The Nondelegation Doctrine and the Structure of the Executive,” Yale Journal on Regulation (forthcoming)


In a series of recent opinions, the Supreme Court has threatened to transform the nondelegation doctrine into a device for imposing sweeping limits on congressional authority to empower the regulatory state. But, as a matter of history and logic, the nondelegation doctrine has a quite different purpose. This Article argues that the nondelegation doctrine plays an underappreciated role in constitutional structure: encouraging the segmentation of executive power. The nondelegation doctrine vindicates the Article I Vesting Clause by preventing Congress from being divested of its legislative power. Its purpose is to reinforce Congress’s legislative supremacy in the realm of ordinary law, not to impede Congress’s ability to achieve legislative objectives by delegating regulatory authority to administrative agencies. The nondelegation doctrine accomplishes its distinctly structural purpose by constraining the delegation of broad powers to the President directly, a constraint that encourages legislative delegation of regulatory authority to administrative agencies. The Article explains as a matter of theory why broad delegations to the President, unlike the delegation of substantial regulatory authority to administrative agencies, jeopardize legislative supremacy and hence pose heightened nondelegation concerns, and it finds strong support for this distinction in the history of nondelegation decisions. It concludes that the diffuse departmental structure of the modern administrative state is a testament to the great success of the nondelegation doctrine, not evidence of its underenforcement. Indeed, the contemporary push to reinvent the nondelegation doctrine in an indiscriminate way would turn it into something closer to its opposite, a cudgel against legislative supremacy rather than its guardian.

Saving Democracy from the Senate” (with A. Michael Froomkin), Utah Law Review (forthcoming)


It should not be surprising that Americans say they are frustrated with their national institutions. Congress responds poorly to the public’s needs and wants because it, and particularly the Senate, is increasingly unrepresentative of the electorate. Reform is difficult, however, because each state’s “equal Suffrage” in the Senate is protected by a unique constitutional entrenchment clause. The Entrenchment Clause creates a genuine bar to reform, but that bar is not insurmountable. We first argue that the constitutional proscription on reforming the Senate has been overstated, identifying a range of constitutional reform options that would be permissible despite the Entrenchment Clause. Several of these approaches circumvent the restriction imposed by the Entrenchment Clause by reforming the Senate in ways that do not alter the equal representation of states: disempowering the Senate, abolishing the Senate entirely, or adding at-large nationally elected senators. A different approach involves repealing the Entrenchment Clause and then either passing a second amendment reapportioning the Senate or asking courts to democratize it under the Equal Protection Clause. We then canvass reforms that could move in the direction of democratizing the Senate without constitutional amendment, including admitting new states, creating virtual states for indigenous peoples, breaking up the largest states, and (although we do not advocate it) a new Constitutional Convention. Throughout, we discuss the relative merits and difficulties of each of these options. Reformers and scholars need a clear understanding of the relevant legal frameworks to develop effective strategies. While we recognize that none of these options are easy, we conclude that action to fix the Senate’s democratic deficit is essential—and urgent.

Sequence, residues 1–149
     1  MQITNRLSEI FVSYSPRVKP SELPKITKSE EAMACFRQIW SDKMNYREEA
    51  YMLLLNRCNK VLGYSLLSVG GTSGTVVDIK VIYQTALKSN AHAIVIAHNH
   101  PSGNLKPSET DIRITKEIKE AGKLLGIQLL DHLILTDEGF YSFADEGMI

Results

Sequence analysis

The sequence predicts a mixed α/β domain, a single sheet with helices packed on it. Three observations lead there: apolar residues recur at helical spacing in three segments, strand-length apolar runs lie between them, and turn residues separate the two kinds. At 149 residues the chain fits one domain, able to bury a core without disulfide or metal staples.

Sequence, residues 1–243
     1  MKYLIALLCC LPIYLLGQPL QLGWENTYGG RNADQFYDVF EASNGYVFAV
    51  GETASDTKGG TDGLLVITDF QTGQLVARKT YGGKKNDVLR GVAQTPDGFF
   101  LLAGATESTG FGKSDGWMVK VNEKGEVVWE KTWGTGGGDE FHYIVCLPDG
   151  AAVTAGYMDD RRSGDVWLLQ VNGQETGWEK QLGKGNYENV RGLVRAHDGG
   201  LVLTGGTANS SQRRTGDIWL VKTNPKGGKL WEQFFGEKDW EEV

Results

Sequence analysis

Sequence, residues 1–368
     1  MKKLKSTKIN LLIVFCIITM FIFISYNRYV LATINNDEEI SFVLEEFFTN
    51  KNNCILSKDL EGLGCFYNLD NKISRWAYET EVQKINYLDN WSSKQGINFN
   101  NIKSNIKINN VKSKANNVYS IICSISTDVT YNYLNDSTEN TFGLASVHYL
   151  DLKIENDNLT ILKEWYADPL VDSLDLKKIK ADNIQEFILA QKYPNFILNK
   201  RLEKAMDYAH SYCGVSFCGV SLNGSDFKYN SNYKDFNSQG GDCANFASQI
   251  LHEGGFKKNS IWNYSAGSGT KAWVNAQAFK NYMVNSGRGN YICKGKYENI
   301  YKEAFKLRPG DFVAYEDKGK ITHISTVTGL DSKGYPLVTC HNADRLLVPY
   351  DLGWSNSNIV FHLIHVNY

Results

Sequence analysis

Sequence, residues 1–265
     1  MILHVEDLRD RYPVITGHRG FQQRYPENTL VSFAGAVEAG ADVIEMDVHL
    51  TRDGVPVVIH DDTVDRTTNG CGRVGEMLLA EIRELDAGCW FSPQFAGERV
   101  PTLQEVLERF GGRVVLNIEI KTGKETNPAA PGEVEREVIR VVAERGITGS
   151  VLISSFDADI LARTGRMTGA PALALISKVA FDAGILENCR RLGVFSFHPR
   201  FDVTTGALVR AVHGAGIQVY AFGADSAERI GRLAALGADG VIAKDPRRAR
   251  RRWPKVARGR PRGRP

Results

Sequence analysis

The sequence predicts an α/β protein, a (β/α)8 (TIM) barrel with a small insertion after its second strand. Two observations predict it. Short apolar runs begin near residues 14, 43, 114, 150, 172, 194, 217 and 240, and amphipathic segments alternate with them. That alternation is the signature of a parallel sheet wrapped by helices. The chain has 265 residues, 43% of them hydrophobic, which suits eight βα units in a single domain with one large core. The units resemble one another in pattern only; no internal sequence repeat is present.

The New Authoritarianism in Public Choice” (with Ian Shapiro), Political Studies (forthcoming, available OnlineFirst)


Much early public choice theory focused on alleged pathologies of democratic legislatures, portraying them as irrational, manipulable, or subject to capture. Recent years have seen the emergence of a new strand of argument, reaffirming the old skepticism of legislatures but suggesting that transferring power from legislatures to chief executives offers a solution. Just as the earlier prescriptions ignored the pathologies of the agencies empowered to check and constrain legislatures, so the new scholarship overlooks the pathologies of executive power. The primary sources of congressional dysfunction call for reforms that would strengthen Congress instead of hobbling it in new ways that exacerbate the drift toward authoritarian presidentialism in the American system. Executive aggrandizement is a consequence of decades of institutional malfunction, worsened by right-wing attacks on legislative capacity. This has been the enduring impact of the public choice movement since the 1950s, but its twenty-first century offshoot is especially malign.